Once the center of the coronavirus, New York has had a steady decrease in new cases and in deaths.
“The situation is steadily improving,” Eric Butorac, the U.S.T.A.’s director of player relations, said during Wednesday’s conference call. “I want to make people understand New York has taken this incredibly seriously.”
Butorac also said that by the time of the Open, the U.S.T.A. did not expect players to have to isolate themselves upon arrival in the United States before playing. “The idea of a 14-day quarantine is not something you need to be concerned about,” he said.
Last week’s call was often contentious, with one former U.S. Open singles champion, Marin Cilic of Croatia, even clamoring for more prize money given the conditions players would face traveling to the tournament.
But the ATP board of directors, which governs the men’s tour, ultimately supported the U.S.T.A.’s decision to go forward, according to an ATP official familiar with the board’s decision.
The U.S.T.A. does not require approval from the men’s and women’s tours to hold the U.S. Open, but did prefer to secure it before proceeding.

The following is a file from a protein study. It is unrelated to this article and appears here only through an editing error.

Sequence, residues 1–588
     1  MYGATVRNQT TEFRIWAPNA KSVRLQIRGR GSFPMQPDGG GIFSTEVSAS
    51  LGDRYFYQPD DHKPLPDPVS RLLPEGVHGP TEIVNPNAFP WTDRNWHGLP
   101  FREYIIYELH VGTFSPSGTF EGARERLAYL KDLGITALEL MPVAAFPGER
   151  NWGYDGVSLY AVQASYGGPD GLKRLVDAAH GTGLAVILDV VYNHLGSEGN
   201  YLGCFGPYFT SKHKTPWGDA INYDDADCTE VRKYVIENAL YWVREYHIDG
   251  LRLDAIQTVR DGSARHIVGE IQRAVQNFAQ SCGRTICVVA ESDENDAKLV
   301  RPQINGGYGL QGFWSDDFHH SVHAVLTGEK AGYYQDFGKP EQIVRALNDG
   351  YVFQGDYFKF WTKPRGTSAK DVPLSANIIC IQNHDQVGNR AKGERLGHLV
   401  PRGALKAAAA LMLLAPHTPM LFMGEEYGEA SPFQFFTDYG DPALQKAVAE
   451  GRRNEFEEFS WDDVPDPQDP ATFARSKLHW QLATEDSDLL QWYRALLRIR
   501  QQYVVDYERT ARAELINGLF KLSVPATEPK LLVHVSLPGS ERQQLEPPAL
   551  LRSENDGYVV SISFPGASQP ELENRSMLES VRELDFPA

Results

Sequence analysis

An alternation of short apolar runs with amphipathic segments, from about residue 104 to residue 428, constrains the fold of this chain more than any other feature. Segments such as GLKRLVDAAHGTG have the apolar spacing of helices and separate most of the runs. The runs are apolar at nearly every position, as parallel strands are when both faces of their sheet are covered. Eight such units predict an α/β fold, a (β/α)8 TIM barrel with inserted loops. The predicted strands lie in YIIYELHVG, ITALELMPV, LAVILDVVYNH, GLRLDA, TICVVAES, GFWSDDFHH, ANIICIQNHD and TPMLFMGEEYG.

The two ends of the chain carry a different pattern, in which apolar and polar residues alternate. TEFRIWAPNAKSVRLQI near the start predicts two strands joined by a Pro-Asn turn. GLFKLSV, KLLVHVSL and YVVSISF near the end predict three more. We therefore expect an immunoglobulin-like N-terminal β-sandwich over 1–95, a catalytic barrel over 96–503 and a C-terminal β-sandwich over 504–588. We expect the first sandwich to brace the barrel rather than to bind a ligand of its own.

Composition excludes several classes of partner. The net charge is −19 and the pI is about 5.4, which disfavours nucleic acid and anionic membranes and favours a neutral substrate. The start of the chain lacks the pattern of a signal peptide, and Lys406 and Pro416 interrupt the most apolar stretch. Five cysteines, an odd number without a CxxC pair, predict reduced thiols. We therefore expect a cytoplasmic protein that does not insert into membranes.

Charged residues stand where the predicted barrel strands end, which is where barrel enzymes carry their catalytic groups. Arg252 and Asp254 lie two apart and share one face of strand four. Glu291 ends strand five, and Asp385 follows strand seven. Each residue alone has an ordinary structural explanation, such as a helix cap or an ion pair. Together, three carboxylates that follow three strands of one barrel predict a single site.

The plan still includes moving the Western & Southern Open, a combined men’s and women’s tour event scheduled earlier in August, to the National Tennis Center from Mason, Ohio, to create a tennis doubleheader. The Citi Open, a combined men’s and women’s event in Washington, could still be the comeback event for the tours earlier in the month.
The U.S. Open singles qualifying tournaments are not expected to be played. That would reduce the number of people at the tournament site and the official hotel. But the U.S.T.A., which has committed to roughly $52 million in prize money, is providing more than $2 million apiece to the men’s and women’s tours to compensate lower-ranked players affected by the absence of qualifying.